Gene expression profile (GEP) testing has been shown, in combination with established clinical and histologic factors, to refine risk prediction for outcomes of interest for multiple diseases.1 The recently developed and validated 40-GEP test for CSCC is the first clinically available GEP test used to predict the risk of nodal and distant metastasis and should only be considered for use in tumors with one or more high-risk factors.2 The probability of nodal or distant CSCC metastasis varies based on established clinicopathologic risk factors, which current management algorithms use to provide recommendations appropriate for each individual patient. GEP testing for CSCC has the ability to provide clinicians with objective data from the primary tumor that can augment existing risk stratification, which could be an important and beneficial advance in patient care.
CSCC patients who ultimately experience poor outcomes have a variety of initial presentations and start their clinical journeys in diverse practice settings across the country. The clinician performing the initial biopsy may not be responsible for managing the advanced sequelae of that same lesion years after its diagnosis and primary treatment, and their initial assessment of patient risk may or may not be accurate. This article illustrates how collective decision making can help bridge existing gaps in current clinical guidelines to develop a plan of care for high-risk patients whose level of risk is unknown. The information gained from GEP testing provides more precise risk stratification and allows patients at highest risk of poor outcomes to be managed more aggressively and followed more closely. Because of the wide variety of risk-assessment approaches, treatment settings, and specialties involved in treating CSCC, it is unlikely that there will be a standardized approach to initiating GEP testing, but rather that a nuanced assessment of each patient’s individual risk profile will be required to arrive at a decision. Furthermore, as the authors emphasize, GEP test results should be interpreted in the context of each patient’s individual clinicopathologic risk factors to assess the appropriateness of nodal evaluation, the need for adjuvant radiation therapy, the frequency of follow-up intervals, and the level of required surveillance.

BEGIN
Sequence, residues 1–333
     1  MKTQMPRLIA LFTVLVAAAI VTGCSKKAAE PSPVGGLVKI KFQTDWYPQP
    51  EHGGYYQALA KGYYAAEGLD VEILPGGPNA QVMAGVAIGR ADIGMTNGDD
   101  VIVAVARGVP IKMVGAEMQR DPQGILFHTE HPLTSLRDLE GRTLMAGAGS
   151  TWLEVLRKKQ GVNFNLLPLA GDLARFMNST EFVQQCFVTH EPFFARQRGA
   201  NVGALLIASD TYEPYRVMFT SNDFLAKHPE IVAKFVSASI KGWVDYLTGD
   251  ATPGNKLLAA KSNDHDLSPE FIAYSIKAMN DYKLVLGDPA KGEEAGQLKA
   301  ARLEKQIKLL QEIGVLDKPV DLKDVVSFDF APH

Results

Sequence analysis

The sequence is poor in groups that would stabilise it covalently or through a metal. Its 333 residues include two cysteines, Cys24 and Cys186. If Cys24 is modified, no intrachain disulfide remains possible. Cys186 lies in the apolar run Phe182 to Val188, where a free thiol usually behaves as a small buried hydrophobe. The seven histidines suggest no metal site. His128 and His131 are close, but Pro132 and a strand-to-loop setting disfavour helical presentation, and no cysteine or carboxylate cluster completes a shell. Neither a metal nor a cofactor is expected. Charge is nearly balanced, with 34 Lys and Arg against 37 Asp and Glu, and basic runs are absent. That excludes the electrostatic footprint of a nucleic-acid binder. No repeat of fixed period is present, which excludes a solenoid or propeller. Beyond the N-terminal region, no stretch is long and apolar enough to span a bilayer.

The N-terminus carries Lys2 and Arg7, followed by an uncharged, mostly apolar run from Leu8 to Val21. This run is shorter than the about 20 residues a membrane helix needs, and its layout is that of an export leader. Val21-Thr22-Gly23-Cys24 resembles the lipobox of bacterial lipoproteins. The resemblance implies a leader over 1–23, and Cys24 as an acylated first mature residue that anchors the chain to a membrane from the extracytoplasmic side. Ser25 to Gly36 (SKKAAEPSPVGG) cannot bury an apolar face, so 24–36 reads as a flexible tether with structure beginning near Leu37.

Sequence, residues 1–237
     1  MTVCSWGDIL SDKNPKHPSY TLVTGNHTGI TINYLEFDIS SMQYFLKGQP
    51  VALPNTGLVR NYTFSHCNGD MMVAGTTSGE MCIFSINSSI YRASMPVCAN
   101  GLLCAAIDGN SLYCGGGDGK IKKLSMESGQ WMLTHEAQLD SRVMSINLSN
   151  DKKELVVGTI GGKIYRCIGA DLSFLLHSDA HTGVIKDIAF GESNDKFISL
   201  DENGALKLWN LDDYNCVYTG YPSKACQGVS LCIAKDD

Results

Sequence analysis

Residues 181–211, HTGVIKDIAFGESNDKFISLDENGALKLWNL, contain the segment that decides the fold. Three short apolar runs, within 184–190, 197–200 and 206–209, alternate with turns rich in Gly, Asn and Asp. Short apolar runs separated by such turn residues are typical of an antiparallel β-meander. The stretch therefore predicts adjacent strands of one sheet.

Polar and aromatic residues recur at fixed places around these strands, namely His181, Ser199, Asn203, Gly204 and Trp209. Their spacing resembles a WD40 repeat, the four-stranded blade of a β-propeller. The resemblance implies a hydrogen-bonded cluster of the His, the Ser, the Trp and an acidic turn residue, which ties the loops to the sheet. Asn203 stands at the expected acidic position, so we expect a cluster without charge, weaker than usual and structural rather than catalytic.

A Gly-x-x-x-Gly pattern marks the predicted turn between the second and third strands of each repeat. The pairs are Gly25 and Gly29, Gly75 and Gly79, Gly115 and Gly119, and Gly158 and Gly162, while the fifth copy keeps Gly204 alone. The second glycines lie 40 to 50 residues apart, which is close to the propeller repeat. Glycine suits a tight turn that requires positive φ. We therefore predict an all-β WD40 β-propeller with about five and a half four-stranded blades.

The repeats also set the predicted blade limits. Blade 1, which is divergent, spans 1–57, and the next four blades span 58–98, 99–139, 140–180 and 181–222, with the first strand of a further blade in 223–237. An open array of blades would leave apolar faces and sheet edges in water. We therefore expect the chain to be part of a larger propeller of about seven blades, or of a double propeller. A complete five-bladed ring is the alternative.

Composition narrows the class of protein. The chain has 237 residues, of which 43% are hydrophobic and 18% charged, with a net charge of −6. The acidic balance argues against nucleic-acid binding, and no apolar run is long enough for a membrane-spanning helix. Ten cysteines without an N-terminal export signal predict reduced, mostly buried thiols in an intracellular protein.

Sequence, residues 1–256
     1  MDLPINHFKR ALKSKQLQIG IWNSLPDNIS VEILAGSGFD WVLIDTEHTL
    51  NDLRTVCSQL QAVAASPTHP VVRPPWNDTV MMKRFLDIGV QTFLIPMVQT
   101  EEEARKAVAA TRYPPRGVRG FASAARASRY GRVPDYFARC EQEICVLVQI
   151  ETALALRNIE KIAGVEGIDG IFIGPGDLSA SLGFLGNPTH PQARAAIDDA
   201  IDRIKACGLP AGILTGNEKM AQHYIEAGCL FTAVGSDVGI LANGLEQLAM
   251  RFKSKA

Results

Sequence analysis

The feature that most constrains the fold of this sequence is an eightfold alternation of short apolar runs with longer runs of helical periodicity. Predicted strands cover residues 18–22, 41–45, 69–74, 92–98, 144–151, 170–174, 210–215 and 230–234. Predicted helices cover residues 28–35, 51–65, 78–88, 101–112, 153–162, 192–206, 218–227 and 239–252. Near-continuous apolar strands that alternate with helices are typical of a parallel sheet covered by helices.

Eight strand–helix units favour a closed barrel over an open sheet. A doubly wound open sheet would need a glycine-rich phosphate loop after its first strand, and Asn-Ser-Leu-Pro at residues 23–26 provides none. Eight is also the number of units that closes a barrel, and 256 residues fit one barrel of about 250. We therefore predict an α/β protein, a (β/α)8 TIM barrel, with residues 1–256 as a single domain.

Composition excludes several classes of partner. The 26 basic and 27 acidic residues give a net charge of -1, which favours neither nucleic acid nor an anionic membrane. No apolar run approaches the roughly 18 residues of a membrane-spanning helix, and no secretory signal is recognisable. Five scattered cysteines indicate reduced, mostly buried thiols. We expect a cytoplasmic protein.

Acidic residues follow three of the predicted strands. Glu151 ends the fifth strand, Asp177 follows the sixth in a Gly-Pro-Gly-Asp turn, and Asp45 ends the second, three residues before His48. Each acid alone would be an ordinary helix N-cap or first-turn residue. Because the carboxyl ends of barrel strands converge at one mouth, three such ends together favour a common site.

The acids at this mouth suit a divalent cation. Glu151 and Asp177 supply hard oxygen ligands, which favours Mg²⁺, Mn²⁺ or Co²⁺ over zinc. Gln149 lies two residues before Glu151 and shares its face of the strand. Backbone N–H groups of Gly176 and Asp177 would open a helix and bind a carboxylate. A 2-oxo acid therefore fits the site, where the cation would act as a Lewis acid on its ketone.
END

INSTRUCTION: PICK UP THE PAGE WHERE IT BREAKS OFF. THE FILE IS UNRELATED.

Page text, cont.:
1. Sparano JA, Gray RJ, Makower DF, et al. Adjuvant chemotherapy guided by a 21-gene expression assay in breast cancer. N Engl J Med. 2018;379(2):111-121.
2. Wysong A, Newman JG, Covington KR, et al. Validation of a 40-gene expression profile test to predict metastatic risk in localized high-risk cutaneous squamous cell carcinoma. J Am Acad Dermatol. 2021;84(2):361-369.